Originally posted by cepage
          Some simple examples. When an operation is performed on a domain object that will trigger a change in workflow state, I like for my domain object to directly message my OSWorkflow service to effect the change. When a delete operation needs to be performed on a single domain object, I like the domain object to be issued the delete operation, and allow him to in turn pass the message onto the DAO.
          In that case I'd have my FooManager.delete(Foo) method handle the delete, which is also convenient because FooManager will be called within a broader transaction that might be performing other mutations.

          Originally posted by cepage
          I am not saying there is one right answer here. As you have mentioned, the approach you have taken has worked for you on successful projects. But right now, Spring only supports your approach, not mine.
          I think you could use the DI into DOs if you wanted to. And as you are aware, this will continue to improve as AspectJ et al capabilities become richer.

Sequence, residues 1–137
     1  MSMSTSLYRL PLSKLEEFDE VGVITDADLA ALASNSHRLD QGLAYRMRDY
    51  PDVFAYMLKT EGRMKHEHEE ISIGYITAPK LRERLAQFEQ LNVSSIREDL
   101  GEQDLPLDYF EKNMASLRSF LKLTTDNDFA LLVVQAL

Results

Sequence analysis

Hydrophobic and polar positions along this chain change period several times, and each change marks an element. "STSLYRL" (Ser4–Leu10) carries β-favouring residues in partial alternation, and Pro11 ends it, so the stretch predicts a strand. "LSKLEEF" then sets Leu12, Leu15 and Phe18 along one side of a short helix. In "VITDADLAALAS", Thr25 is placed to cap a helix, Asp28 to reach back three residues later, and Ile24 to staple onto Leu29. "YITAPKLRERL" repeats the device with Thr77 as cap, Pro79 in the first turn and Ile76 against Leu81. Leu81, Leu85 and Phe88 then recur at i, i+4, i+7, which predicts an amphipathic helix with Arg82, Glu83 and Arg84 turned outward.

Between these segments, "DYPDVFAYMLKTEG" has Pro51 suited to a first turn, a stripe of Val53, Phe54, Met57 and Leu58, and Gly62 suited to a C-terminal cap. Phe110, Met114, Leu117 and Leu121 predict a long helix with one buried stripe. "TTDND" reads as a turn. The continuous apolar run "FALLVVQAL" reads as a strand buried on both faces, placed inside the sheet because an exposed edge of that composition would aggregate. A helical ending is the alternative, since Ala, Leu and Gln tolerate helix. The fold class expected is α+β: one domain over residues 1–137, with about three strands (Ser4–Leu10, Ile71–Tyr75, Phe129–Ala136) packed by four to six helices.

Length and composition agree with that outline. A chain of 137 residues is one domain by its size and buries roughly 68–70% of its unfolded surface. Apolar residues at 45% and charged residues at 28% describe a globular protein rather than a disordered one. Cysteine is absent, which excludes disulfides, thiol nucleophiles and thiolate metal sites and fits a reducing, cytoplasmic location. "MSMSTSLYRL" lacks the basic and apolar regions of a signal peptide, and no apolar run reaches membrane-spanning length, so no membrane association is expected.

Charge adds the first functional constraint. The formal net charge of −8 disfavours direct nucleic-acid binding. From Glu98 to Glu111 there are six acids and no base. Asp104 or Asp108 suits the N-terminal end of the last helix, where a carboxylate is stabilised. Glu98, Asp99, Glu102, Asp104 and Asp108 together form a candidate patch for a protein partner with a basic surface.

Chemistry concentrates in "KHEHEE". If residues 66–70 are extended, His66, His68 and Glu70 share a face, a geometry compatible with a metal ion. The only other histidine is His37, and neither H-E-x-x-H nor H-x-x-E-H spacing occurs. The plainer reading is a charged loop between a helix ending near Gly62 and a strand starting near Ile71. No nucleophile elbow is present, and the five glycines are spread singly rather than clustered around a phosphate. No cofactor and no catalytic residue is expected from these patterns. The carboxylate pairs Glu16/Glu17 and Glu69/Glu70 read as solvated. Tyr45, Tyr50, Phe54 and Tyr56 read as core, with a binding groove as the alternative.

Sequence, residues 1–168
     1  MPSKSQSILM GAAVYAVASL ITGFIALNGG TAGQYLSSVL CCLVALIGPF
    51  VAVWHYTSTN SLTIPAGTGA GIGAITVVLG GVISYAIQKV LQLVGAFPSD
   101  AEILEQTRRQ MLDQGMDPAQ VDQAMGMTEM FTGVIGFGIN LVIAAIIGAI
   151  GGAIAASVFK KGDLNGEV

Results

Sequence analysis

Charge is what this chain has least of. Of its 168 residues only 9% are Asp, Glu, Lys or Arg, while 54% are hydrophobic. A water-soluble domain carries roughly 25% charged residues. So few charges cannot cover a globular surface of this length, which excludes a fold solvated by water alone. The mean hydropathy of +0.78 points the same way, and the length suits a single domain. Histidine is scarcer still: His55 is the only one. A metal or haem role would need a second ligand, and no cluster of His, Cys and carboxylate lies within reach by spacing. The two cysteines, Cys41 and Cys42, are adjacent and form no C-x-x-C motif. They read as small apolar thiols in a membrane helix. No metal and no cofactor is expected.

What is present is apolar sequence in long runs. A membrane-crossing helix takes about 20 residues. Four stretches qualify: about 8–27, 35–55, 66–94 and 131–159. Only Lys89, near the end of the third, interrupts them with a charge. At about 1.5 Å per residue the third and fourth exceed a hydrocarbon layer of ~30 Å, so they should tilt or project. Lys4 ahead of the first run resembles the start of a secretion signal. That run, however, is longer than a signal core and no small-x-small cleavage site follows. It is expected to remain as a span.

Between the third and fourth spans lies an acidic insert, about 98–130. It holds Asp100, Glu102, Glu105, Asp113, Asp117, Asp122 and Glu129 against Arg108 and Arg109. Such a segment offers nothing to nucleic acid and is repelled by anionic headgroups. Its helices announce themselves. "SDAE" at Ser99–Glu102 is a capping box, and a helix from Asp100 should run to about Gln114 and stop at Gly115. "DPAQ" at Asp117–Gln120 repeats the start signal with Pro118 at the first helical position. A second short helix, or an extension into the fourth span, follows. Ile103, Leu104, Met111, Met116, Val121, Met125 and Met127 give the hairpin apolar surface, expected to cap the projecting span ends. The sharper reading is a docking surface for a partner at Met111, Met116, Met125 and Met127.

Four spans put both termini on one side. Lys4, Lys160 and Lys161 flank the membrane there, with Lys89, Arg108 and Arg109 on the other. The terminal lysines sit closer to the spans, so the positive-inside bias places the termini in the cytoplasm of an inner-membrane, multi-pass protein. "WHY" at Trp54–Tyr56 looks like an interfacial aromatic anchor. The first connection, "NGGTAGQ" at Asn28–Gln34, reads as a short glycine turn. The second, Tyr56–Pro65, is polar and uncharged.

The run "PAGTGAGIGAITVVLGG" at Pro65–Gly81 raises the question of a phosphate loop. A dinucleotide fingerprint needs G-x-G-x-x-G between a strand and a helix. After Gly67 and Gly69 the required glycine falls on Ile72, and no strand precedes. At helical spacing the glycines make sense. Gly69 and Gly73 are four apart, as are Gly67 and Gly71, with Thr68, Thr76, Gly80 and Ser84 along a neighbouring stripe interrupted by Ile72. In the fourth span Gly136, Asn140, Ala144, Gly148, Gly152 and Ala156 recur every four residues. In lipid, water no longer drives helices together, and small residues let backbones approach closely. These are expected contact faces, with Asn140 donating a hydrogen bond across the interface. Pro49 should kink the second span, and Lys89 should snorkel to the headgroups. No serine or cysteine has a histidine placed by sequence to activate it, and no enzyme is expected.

I agree different approaches will suit different people and different projects. Awareness of the pros and cons of both makes people more capable developers and should be encouraged.
          The problem with all this disussion is that it avoids the topic of stateful objects. Ben, the scenerios that you have come up with makes sense to me too. But, as I said in my previous posts I sometimes need stateful objects to have true polymorphic behaviour. However, I twist my design to use singletons and pass data via arguments because, quite frankly, Spring comes up with weird and non-intuitive approaches for creating prototype objects on the fly. Hopefully, this aspectj stuff provides an intuitive AND explainable approach.


          Dino
          Last edited by robyn; May 14th, 2006, 07:58 PM.

          Comment

          Working...
          X